This workshop is co-organised by ALLEA (All European Academies) and the GYA and addresses two questions that are central to the conduct of scholarly work:
1) Why do we evaluate output of publicly funded research?
2) How do we make the evaluation match its purpose?
Boon Han Lim (Malaysia) and alumnus Martin Dominik (UK) represent GYA in the steering committee of the workshop.
Register for the event here.
The exponential increase in research output during the last few decades and increased competition among scholars for limited resources favoured the adoption of metrics to assess scientific merit. The best-known quantitative indicators are journal impact factor, citation index of journal publications and institutional rankings. Yet, these metrics are not fit for purpose because they create incentives that are detrimental to the intention of fostering the research endeavour, promoting progress in scholarly work, and benefiting society. Despite intentions to revert this development, many juries still evaluate researchers on the basis of their accumulated journal impact factor, and university rankings continue to enjoy high prominence.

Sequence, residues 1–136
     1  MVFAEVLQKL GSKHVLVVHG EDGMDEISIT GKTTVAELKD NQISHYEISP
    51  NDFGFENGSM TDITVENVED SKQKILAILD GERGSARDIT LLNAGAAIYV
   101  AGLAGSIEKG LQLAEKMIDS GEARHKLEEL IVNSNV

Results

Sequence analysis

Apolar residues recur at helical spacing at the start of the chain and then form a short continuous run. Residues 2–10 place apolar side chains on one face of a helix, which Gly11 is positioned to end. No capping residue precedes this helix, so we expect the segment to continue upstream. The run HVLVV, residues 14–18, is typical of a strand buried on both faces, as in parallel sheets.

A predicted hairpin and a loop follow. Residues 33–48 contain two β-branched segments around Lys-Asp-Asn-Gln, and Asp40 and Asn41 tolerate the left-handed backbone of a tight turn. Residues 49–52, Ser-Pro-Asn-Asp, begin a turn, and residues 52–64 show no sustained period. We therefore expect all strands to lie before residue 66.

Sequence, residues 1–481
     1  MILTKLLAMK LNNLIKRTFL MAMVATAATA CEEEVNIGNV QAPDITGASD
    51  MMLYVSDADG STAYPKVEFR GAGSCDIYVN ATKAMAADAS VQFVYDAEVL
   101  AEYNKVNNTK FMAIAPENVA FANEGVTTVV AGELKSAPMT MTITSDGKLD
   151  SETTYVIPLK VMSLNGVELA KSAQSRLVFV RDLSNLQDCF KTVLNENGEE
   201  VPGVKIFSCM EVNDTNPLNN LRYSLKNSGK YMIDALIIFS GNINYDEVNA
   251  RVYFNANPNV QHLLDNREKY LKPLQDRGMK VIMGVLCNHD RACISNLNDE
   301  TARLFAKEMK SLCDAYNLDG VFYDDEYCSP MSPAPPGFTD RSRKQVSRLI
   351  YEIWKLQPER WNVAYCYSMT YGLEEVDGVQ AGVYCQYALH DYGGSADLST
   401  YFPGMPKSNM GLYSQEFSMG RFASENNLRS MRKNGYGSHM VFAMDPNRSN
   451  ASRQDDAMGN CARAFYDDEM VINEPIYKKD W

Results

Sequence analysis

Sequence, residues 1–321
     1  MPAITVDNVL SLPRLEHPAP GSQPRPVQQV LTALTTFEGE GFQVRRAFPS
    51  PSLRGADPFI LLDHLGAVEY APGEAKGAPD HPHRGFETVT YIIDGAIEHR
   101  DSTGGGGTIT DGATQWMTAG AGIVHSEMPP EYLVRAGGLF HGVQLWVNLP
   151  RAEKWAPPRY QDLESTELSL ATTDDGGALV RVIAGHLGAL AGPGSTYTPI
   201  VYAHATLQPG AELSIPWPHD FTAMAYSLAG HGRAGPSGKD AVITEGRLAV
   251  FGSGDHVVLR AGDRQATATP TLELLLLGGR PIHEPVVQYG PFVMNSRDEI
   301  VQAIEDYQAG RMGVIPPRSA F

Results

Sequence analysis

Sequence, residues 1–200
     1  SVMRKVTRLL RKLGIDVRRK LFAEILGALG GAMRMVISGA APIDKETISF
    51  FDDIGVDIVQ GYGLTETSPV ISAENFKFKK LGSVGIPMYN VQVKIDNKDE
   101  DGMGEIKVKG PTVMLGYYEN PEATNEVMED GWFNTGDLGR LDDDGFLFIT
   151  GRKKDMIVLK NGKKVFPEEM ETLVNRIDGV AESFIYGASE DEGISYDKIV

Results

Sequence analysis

While different science and policy stakeholders continue to strive for a better balance between quantitative and qualitative research assessments by introducing novel criteria and developing new methods, this workshop takes a broader perspective by discussing more fundamental issues, such as the future direction of research, reconciling the values in research with incentives and rewards, excellence in research, and the contribution of research assessments to better scholarly work.